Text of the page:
Ask Sri Lankans born in the ’70s to tell you which cars they remember growing up with, and you’ll hear about Austin Cambridges, Morris Minors, “Upali” Fiats, and Beetles. All of which are rubbish. Yes, I know people will put out a fatwah on me for calling a Beetle rubbish, but it is. And yes, I know Upali Wijewardena’s Fiat 128 was the Micro of ’70s Sri Lanka, but you’ll be better off if you put wheels on a Ceylon Tea crate. Plus you’ll be faster. Doesn’t anyone remember a Karmann Ghia, or a Datsun 240Z, or a Mercedes 300? Or at least a Mk1 Golf, for God’s sake? Why do people seem to remember the bland? Somehow, though, I doubt that Sri Lankans in the year 2040 will look back fondly on the Nissan Sunny.
While you’re about it, ask a Sri Lankan to name a great ad from the early days of local television, and it’ll be a pretty predictable choice. The original Airlanka jingle (above) will certainly feature among them, with people still able to sing bits of it or at least hum the tune. There’s one of those dodgy old massage guys on Hikkaduwa beach who sings one part of it (“Blue voters, smiling ice — Sri Lanka, pair of dice”) over and over, as he walks along the sand looking for customers. Then there’ll be the Dot toffee commercials (“Oyagey kate Dot, mage kateth Dot!”), the Thultex spot — the only reason I remember that one is because at 14 years old, I’d never seen that far up a woman’s leg. So we remember this stuff, but were they good ads — did they entertain us (OK, there’s that leg again), engage us? Fuck, no, but we remember them anyway. Mostly because there were far fewer ads around back then.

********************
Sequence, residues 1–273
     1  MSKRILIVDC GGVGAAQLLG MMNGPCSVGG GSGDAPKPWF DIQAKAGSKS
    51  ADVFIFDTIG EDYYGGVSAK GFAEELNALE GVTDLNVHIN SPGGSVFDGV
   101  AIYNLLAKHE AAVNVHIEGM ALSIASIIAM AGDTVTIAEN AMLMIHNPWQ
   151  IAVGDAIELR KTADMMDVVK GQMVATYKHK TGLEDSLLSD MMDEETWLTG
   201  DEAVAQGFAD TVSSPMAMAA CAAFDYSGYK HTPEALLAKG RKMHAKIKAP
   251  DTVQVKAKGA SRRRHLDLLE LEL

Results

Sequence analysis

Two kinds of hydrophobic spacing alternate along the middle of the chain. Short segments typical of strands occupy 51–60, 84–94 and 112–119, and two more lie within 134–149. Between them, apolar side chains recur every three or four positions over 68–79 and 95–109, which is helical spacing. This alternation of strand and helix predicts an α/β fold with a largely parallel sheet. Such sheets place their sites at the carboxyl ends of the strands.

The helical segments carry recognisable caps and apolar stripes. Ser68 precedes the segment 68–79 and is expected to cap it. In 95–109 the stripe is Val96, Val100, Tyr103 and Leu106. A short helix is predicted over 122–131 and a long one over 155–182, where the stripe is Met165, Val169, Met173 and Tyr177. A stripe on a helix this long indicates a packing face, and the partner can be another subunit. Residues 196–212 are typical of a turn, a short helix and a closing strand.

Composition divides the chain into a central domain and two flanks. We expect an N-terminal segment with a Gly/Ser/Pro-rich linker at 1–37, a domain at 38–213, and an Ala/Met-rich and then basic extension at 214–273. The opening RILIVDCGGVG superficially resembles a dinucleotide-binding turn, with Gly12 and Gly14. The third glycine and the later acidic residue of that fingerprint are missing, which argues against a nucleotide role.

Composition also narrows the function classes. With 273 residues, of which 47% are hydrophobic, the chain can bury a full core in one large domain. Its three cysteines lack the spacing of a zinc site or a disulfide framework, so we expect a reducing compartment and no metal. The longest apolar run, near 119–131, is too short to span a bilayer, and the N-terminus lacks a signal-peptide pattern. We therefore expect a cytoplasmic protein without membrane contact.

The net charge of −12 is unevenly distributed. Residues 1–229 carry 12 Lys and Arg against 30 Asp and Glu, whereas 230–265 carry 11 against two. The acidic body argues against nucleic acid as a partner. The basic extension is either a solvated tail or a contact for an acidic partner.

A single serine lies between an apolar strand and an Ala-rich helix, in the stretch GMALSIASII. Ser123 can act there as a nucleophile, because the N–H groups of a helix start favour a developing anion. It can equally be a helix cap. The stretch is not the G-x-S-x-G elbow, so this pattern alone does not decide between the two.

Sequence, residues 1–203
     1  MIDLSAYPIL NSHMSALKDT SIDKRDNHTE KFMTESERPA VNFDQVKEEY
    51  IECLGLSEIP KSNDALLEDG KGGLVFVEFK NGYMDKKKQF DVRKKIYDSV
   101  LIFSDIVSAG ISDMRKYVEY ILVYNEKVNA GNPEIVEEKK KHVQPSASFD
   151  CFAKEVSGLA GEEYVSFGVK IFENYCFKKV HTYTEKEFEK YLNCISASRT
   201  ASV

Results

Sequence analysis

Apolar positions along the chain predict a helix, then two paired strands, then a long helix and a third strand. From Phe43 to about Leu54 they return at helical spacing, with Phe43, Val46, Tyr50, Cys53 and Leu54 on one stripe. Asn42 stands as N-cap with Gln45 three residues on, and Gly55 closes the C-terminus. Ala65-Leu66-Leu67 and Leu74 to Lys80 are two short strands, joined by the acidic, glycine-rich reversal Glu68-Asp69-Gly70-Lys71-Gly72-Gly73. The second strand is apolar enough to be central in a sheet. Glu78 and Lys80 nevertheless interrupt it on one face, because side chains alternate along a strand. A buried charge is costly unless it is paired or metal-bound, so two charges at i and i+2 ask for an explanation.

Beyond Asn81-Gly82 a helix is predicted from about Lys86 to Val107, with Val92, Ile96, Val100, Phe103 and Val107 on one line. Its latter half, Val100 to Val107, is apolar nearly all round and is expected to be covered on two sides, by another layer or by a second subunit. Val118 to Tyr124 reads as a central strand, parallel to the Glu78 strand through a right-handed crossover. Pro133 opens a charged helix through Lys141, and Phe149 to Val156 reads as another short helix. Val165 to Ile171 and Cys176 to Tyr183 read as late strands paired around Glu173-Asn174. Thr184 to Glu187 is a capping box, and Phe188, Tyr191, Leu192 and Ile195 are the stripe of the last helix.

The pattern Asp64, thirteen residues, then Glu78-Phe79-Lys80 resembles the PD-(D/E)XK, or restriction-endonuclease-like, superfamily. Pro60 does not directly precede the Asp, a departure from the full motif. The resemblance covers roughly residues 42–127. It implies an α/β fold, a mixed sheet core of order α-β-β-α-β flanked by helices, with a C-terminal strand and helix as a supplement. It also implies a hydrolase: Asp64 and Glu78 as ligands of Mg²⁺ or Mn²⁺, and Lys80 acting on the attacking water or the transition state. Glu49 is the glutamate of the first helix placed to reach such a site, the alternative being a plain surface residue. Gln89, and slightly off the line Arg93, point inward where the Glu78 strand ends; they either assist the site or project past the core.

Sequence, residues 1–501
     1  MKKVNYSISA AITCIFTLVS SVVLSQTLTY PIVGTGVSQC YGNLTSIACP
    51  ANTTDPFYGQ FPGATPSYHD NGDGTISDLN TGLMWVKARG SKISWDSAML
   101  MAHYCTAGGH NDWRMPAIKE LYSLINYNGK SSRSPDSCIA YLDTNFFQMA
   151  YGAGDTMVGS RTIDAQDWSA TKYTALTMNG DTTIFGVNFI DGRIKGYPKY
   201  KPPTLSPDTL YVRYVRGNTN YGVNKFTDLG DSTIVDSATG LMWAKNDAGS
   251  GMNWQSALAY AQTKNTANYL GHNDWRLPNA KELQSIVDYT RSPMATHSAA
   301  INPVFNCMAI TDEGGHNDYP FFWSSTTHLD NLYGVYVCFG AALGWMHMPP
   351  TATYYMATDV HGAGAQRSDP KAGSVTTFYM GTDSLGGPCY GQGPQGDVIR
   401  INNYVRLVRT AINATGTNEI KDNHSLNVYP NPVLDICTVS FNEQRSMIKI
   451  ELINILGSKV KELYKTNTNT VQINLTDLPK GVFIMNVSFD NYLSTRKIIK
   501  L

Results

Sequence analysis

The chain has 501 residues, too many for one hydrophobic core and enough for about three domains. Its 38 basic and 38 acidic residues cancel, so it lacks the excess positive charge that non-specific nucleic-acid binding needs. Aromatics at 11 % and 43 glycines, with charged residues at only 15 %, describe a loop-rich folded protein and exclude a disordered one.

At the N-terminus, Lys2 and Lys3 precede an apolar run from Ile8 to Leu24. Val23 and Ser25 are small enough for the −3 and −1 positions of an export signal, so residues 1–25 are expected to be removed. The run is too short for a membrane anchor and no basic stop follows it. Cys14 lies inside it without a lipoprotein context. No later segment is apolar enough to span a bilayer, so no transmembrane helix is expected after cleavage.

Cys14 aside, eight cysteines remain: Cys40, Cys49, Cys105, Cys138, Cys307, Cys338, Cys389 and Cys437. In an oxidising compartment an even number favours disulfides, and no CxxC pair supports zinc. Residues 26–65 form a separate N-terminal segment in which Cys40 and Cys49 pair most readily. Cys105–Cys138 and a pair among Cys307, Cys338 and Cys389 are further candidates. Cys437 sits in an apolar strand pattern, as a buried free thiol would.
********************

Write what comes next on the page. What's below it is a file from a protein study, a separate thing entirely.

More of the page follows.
Now it’s pretty easy to see why people remember great cars and great ads — or great anything for that matter. Cars, movies, books, we remember the ones that were interesting, fun, touching — things that played to our emotions, that entertained us. But what makes us remember things that we have no reason to — why would we remember a packet of washing powder? We wouldn’t, because there’s nothing to remember about it. But somehow Sri Lankans manage it. We even remember the Austin Cambridge. Why?